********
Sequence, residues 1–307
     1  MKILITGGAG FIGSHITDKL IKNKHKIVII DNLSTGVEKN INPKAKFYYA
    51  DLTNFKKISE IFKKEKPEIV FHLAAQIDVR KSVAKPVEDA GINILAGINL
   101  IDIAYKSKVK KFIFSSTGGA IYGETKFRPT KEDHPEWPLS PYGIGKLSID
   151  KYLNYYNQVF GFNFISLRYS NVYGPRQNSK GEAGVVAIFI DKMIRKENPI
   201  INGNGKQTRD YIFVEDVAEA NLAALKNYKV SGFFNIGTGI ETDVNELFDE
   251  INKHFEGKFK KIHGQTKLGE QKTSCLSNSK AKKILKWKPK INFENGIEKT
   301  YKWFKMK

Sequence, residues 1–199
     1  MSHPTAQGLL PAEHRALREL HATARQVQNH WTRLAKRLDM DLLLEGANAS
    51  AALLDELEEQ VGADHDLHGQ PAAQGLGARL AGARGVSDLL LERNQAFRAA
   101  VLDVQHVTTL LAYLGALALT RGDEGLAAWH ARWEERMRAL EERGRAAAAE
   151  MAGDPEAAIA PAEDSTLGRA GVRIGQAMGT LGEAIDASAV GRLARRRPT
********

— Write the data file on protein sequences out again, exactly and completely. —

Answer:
Sequence, residues 1–307
     1  MKILITGGAG FIGSHITDKL IKNKHKIVII DNLSTGVEKN INPKAKFYYA
    51  DLTNFKKISE IFKKEKPEIV FHLAAQIDVR KSVAKPVEDA GINILAGINL
   101  IDIAYKSKVK KFIFSSTGGA IYGETKFRPT KEDHPEWPLS PYGIGKLSID
   151  KYLNYYNQVF GFNFISLRYS NVYGPRQNSK GEAGVVAIFI DKMIRKENPI
   201  INGNGKQTRD YIFVEDVAEA NLAALKNYKV SGFFNIGTGI ETDVNELFDE
   251  INKHFEGKFK KIHGQTKLGE QKTSCLSNSK AKKILKWKPK INFENGIEKT
   301  YKWFKMK

Sequence, residues 1–199
     1  MSHPTAQGLL PAEHRALREL HATARQVQNH WTRLAKRLDM DLLLEGANAS
    51  AALLDELEEQ VGADHDLHGQ PAAQGLGARL AGARGVSDLL LERNQAFRAA
   101  VLDVQHVTTL LAYLGALALT RGDEGLAAWH ARWEERMRAL EERGRAAAAE
   151  MAGDPEAAIA PAEDSTLGRA GVRIGQAMGT LGEAIDASAV GRLARRRPT